When does honesty become a liability?
Is manipulating language or facts different from simple deceit? Is it ever OK to intentionally warp the truth? When does honesty in business become a liability? Do people misspeak or are they lying to be politically correct?
Every day, we read about misstatements, miscues, errors in judgment, lack of candor, misinterpretations, white lies, exaggerations and spin. Especially in politics. Our society has many ways to excuse dishonesty without coming right out and naming it. How often do people use creative definitions to lie about the way they lie? How many times do people state opinions as fact, without fact-checking, or acknowledging a counter-argument exists?
Whom do you know who dances around integrity, deluding themselves into believing that honesty works better with exceptions? Is it any wonder the 20th century ended with an American president testifying under oath: “It depends on how you define ‘alone’,” and “It depends on what the meaning of the word ’is’ is.”
Yet, honesty wasn’t always the source of amusement it is today. Back in Israel’s earliest days, Moses brought a commandment not to bear false witness down from Mount Sinai. Nearly 2,400 years ago, Greek philosophers believed in the existence of absolute truth. Up until the skeptical ‘60s, the discipline and self-sacrifice of honesty helped it achieve a place as the highest of all virtues.
“I hope I shall possess firmness and virtue enough to maintain what I consider the most enviable of all titles, the character of an honest man.”
How did we fall so far from this ideal of honesty? One fib at a time. Hidden corruption unravels us with every deception we speak, every omission we tolerate and every falsehood we excuse. With each dishonest act, we fall further into the darkness, growing more agile at turning away from our own flaws than admitting them.
Honesty takes courage. To most, it is not a breath of fresh air, but a chill reminder of things better left unsaid, or their own lack of candor. Often we prefer to hide behind hundreds of ‘little white lies’, trying to convince ourselves there’s no harm done in minor insincerities. Yet there are no exceptions in Scripture regarding the size of the falsehood.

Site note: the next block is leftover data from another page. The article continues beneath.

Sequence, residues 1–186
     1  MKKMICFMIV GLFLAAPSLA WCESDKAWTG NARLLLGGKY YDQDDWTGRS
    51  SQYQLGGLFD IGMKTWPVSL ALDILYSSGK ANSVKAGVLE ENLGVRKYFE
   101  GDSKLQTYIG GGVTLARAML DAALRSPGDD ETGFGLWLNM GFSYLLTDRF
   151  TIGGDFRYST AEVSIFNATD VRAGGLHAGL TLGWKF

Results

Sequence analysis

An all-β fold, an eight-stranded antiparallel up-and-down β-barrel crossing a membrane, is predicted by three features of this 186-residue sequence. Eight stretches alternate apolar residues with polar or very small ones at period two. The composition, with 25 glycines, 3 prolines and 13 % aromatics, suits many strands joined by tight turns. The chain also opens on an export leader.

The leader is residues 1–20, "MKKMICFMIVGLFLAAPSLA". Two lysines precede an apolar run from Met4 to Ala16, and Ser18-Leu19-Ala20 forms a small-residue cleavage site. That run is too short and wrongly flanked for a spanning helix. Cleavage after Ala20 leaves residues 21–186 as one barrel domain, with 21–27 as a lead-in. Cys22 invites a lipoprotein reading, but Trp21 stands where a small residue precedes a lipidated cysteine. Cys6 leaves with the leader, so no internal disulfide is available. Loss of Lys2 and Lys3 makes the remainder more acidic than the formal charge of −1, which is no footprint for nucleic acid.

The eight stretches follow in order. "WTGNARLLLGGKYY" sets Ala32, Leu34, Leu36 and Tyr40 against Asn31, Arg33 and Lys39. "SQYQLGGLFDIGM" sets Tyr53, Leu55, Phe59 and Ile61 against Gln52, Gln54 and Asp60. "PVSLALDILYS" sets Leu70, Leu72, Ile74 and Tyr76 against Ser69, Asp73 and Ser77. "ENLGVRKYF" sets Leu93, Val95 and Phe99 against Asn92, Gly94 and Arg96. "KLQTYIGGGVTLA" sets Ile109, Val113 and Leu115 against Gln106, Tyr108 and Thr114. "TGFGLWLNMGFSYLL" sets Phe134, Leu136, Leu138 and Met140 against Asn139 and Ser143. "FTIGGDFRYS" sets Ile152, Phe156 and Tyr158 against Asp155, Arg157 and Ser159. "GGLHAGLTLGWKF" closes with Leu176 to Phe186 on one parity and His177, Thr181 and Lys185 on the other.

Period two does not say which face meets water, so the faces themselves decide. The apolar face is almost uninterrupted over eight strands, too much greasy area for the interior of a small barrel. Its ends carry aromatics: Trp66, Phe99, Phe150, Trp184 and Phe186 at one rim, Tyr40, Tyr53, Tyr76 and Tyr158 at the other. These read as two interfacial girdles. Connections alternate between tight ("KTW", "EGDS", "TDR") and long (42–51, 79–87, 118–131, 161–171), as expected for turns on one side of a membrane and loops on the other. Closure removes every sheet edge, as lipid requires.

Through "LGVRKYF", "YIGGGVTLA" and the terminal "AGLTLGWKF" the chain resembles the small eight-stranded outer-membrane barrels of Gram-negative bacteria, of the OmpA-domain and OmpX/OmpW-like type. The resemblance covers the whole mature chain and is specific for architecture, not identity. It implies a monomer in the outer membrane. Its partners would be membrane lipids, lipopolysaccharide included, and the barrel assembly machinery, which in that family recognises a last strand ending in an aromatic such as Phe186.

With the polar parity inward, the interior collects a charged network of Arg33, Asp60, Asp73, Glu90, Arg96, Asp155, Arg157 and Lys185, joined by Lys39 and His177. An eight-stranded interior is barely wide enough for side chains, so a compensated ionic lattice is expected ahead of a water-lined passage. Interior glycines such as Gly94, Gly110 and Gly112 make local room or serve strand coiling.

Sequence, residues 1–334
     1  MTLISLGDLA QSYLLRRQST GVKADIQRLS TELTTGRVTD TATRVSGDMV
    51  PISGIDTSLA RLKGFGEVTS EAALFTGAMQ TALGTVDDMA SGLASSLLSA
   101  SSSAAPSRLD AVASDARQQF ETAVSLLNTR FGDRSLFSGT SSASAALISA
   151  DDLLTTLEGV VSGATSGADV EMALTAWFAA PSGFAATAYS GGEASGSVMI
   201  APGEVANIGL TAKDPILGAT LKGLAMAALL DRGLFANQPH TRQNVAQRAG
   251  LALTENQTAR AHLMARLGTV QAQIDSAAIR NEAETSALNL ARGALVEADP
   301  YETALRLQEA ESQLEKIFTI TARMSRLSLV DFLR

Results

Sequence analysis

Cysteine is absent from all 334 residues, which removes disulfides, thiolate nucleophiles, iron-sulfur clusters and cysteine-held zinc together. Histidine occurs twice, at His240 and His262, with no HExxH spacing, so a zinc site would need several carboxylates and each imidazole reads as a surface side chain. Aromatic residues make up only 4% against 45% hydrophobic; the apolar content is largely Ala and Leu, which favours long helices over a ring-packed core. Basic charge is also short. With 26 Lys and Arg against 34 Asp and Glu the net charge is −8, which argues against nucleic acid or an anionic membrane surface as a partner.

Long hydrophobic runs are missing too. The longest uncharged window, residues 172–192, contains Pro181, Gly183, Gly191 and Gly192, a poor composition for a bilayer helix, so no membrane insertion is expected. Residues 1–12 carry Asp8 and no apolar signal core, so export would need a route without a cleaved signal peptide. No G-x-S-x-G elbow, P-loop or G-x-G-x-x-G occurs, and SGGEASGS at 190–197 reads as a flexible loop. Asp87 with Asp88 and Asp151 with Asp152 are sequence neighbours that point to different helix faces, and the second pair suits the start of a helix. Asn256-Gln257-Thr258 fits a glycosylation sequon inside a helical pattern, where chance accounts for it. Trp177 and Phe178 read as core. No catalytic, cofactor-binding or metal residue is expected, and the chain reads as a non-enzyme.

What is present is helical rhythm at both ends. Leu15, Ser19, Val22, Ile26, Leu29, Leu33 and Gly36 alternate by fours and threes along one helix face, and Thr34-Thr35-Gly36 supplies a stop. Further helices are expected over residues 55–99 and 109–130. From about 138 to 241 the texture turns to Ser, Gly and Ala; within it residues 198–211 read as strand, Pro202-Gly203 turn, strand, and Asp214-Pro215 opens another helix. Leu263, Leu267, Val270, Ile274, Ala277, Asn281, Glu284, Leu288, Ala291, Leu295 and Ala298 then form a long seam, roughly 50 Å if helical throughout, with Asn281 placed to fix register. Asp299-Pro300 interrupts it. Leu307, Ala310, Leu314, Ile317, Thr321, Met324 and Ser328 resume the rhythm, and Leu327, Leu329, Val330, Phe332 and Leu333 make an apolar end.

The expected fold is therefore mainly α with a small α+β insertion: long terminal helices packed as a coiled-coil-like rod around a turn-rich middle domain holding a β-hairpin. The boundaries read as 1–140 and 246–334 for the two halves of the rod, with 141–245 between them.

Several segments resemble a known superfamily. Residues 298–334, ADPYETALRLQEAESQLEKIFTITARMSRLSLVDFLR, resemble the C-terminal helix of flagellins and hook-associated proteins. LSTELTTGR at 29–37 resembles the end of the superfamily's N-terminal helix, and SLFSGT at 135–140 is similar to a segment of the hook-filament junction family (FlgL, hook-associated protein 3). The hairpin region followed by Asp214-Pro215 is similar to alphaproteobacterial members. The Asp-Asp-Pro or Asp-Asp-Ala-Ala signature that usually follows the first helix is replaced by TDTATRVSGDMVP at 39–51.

Things are not ‘basically correct’ or ‘mostly true.’ We can’t place a small amount of arsenic into a meal and claim it is ‘mostly nutritious.’
“It’s discouraging to think how many people are shocked by honesty and how few by deceit.”
— Noel Coward (Playwright, 1899-1973)
Christians believe in absolute truth. We are not free to make adjustments or omissions that serve our needs. Jesus does not recognize gray areas. He lashed out against empty flattery. From a biblical and an ethical point of view, things are either true or false. Truth can’t be stretched without compromising honesty.
Honesty is not only what we say, but also what we write, imply, omit or communicate. A written deception is a permanent branding of our dishonesty. We cannot say others have reached the wrong conclusion on their own, if we have said or withheld information that leads them down that path.
Something not said can turn the truth upside down. Denying cancer, or never speaking of it, does nothing to help heal the disease. Only when it is recognized can it be treated.
Societies advance on truth, but crumble on lies. We have traveled far from the light of honesty, but a few shining examples can still draw us back. Despite our cynicism, we still seek honesty in others. We admire the pure of heart and word, and find ourselves drawn to follow their example.
“The true measure of life is not length, but honesty.”
—John Lyly (Author, 1553-1606)
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Bruce E. Zoeller has been involved in Business and Ministry initiatives since 1996. As founder of The Christian Advantage (TCA) in March 2005, this continuing education, peer counsel, accountability and prayer program impacts a growing number of Christian business and ministry leaders and owners in and around Louisville, Kentucky. Bruce is a 1985 graduate of the University of Louisville Speed School with a degree in Business Computer Technology. He is the father to four and grandfather of five. Bruce and his wife, Kris, along with their two youngest children, live in Louisville, Kentucky.
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